Cyber security industry officials told a Senate panel on Wednesday the Pentagon should embrace more aggressive cyber hunting and automated threat detection capabilities to better protect its networks with the private sector’s improved technology.

During the Senate Armed Services Cybersecurity subcommittee hearing, witnesses from industry told lawmakers the Department of Defense should consider further procurement reforms to ensure it takes better advantage of improved cyber security technologies currently being developed in the private sector.iStock Cyber Lock

“Opportunities remain for the department to improve its cyber security capabilities and practices across the enterprise,” Sen. Mike Rounds (R-S.D.), the subcommittee chair, said during his opening remarks. “The department’s cyber security acquisition is slow, decentralized and often over reliant on the National Security Agency’s product evaluation and indigenous production. Because of this, the department’s capabilities often pale in comparison to the best available in the private sector.”

Dmitri Alperovitch, CEO of CrowdStrike, told the panel DoD will continue to fall behind the commercial sector unless it starts to shift away from a focus on cyber hygiene to actively working to rid its network of malicious actors.

“The DoD needs to focus on continually hunting for adversaries on its networks. Much of what the department does today is cyber hygiene,” Alperovitch said. “Implementing security controls is hygiene. Patching vulnerabilities is hygiene. Building an asset inventory is hygiene. No matter how good the department gets at these tasks they alone will not accomplish the most important mission, stopping foreign intelligence and military services from countries such as Russia and China from breaking into their networks.”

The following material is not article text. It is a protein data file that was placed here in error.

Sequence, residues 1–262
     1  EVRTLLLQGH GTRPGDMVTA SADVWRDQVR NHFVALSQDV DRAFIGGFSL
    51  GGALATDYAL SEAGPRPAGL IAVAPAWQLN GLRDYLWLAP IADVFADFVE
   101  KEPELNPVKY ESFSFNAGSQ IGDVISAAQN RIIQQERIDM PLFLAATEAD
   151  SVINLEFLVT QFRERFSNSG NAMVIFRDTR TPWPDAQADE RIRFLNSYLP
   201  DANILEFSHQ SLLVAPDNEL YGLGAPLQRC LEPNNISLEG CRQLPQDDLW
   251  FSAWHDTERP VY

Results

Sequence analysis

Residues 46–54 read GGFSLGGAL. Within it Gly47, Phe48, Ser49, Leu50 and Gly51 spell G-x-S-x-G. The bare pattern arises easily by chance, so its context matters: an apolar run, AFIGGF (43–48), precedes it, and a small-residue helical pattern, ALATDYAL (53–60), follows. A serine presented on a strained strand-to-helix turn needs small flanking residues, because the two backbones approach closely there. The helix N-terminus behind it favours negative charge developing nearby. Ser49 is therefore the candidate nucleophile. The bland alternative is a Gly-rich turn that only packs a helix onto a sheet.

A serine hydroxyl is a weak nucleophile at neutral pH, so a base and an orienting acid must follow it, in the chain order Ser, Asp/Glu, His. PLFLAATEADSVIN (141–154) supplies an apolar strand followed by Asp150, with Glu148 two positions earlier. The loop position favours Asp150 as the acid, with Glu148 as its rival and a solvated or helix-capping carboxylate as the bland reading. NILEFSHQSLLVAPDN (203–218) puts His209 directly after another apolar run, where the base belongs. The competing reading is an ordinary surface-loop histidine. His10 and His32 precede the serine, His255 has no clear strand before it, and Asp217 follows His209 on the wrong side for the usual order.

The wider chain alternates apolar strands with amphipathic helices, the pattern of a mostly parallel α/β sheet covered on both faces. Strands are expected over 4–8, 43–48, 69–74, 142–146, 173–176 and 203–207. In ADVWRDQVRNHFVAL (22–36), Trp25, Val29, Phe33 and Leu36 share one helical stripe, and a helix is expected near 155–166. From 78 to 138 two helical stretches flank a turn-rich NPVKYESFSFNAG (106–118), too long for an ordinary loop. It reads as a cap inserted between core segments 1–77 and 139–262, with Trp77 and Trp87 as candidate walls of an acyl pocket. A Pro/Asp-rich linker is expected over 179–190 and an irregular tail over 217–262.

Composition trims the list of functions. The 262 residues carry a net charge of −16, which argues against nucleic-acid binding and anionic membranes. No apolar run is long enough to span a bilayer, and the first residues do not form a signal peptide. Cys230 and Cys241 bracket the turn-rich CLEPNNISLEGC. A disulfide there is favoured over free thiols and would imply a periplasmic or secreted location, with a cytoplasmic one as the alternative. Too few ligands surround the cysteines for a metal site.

Alperovitch said the private sector continues to outpace DoD in agile responses to shared threats, and told lawmakers to push the department to adopt cloud technologies that would improve its threat detection.

John Davis, federal chief security officer for Palo Alto Networks [PANW], added that the Pentagon may rely too heavily on manpower to conduct cyber security, placing the department at an increasing disadvantage.

“Network defenders are losing the cyber security battle because they are bringing people to a software fight,” Davis said.

Davids suggested pushing the Pentagon to adopt the “smartphone + applications” model utilized in the private sector, where the latest cyber security capabilities are more seamlessly integrated onto a single, interoperable platform.

“This is how you bring software to a software fight,” Davis said.

Francis Landolf, a principal with Core Consulting, said DoD’s procurement process is turning away innovative technology companies from seeking contracts.

“I have met with multiple venture capital firms that have actively steered their companies away from even trying to market to the government. Savvy companies seeking investment know to not use the DoD business as a likely source of revenue during their fundraising pitch to potential investors,” Landolf said.

Landolf added that Defense Innovation Unit, the Pentagon’s experimental technologies office, is helping bridge the outreach with Silicon Valley startups.